Chase Elliott on NASCAR safety in Next Gen car: 'I just hate to see us go backwards'

img

Chase Elliott, like many NASCAR Cup Series drivers, is concerned about the safety of the Next Gen car, which made its debut this season. His and his competitors’ sentiments are extremely understandable, as multiple drivers have said many of the hits and impacts have felt much harder this season in the new car compared with previous years. And two drivers, Kurt Busch and Alex Bowman, have been sidelined this season with concussion-like symptoms following wrecks. Busch has not raced since July after his concussion symptoms appeared following a wreck at Pocono Raceway. And now, Bowman announced Thursday that he won’t compete at Talladega Superspeedway this weekend because he’s experiencing concussion-like symptoms after wrecking at Texas Motor Speedway last Sunday. This week, in response to a tweet from Trackhouse Racing co-owner Justin Marks about the car’s safety, Elliott said, “we should never take steps backwards in any area with a new design.” Then Saturday during a press conference at Talladega, Elliott was asked about his tweet and where he’d like to see NASCAR and the Next Gen car go moving forward. He noted how drivers seemed to be OK after similar wrecks in previous seasons, but this year, there appear to be more injuries. Elliott said: “I don’t feel like we should have ever been in this position to begin with to need to go forward. We should have gone forward with a new opportunity at a new car, in my opinion. You have all of these years of experience and knowledge and time of racing and crashing these cars and teams working on them and building them. It just blows me away that we can have something new in 2022 that offers all of this technology and all of this time and experience of so many super talented people in this sport, and we allow it to go backwards, especially with safety. “It’s just super surprising to me that we allow that to happen. But we did, and now it’s just about how do we go forward from here, making sure we’re making the right choices to improve what we have and keep things like what happened to Alex this week from happening? And what happened to Kurt. Those types of incidents didn’t result in injuries in the past handful of years from just me watching. Obviously, I’m not doctor, but I’ve watched a lot of cars back into the wall and those guys be fine.” Other drivers have also explained that mild-looking crashes have come with harder impacts on them, like when a car hits the wall rear first. “From the get-go, everybody could see that this car was way too stiff,” Kevin Harvick said in July, per NBC Sports. “When I crashed it (at Auto Club Speedway in practice), I thought the car was destroyed and it barely backed the bumper off. It just felt like somebody hit you with a hammer.” Harvick also specifically said he feels that other than his fellow drivers, people in the industry don’t appreciate just how hard these hits are and aren’t taking their complaints seriously. Along with Harvick, Denny Hamlin, Bubba Wallace and Christopher Bell are among those who have expressed similar concerns throughout the season. Elliott continued Saturday at Talladega: “I just hate to see that. No one is immune to it. It could be me next week, or it could be any of my peers or fellow competitors. Nobody wants to see that no matter how much you like or dislike a guy, in my opinion. I just hate to see us go backwards, and I’m afraid that we have in some of those areas. “But look, it’s just about how do we come together and how do we go forward from here. I think there’s a lot of really smart individuals to try and help make that happen, and I’m confident that we will. But it’s crucial that we do, in my opinion, because having guys out during the playoffs right now – or any time for that matter – shouldn’t be happening, and I think it’s taking away from our product on Sunday.” Several drivers throughout the season have noted they’ve suffered some of the hardest hits in their careers this year, and NASCARMAN, NASCAR’s unofficial historian, compiled many of their comments in this detailed thread: And following more recent wrecks and Bowman’s concussion-like symptoms, drivers continue to speak out, urging NASCAR to address the safety of the car:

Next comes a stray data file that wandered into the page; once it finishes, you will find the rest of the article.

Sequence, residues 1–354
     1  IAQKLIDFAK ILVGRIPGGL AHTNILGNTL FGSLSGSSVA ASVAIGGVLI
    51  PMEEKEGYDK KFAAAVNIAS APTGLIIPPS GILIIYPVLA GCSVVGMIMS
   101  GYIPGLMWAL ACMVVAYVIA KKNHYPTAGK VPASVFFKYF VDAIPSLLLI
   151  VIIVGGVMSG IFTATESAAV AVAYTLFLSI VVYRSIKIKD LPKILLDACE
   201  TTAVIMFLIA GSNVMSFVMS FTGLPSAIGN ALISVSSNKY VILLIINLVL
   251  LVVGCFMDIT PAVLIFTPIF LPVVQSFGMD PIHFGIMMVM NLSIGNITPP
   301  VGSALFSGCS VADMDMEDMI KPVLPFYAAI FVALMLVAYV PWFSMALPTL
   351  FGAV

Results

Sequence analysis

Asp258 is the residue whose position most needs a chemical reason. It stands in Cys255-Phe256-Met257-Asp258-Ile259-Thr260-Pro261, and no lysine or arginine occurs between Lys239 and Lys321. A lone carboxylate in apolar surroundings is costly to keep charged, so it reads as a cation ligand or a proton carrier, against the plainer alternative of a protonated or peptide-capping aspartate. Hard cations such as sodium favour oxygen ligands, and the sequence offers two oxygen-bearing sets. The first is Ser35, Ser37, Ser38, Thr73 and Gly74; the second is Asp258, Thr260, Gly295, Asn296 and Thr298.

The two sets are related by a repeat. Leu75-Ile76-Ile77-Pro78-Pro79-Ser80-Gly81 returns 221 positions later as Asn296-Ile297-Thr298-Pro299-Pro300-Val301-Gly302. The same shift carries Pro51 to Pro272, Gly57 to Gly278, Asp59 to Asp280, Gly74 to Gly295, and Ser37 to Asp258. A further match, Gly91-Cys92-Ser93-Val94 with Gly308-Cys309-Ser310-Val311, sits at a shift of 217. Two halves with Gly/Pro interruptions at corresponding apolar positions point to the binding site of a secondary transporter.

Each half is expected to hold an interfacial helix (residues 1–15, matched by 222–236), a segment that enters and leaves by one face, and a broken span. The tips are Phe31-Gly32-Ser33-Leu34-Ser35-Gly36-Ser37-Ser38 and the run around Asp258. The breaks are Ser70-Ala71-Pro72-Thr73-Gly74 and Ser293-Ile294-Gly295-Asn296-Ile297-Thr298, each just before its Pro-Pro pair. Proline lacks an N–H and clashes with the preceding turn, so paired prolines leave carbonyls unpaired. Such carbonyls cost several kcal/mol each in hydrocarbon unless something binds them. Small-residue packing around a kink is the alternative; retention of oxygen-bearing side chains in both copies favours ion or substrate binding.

×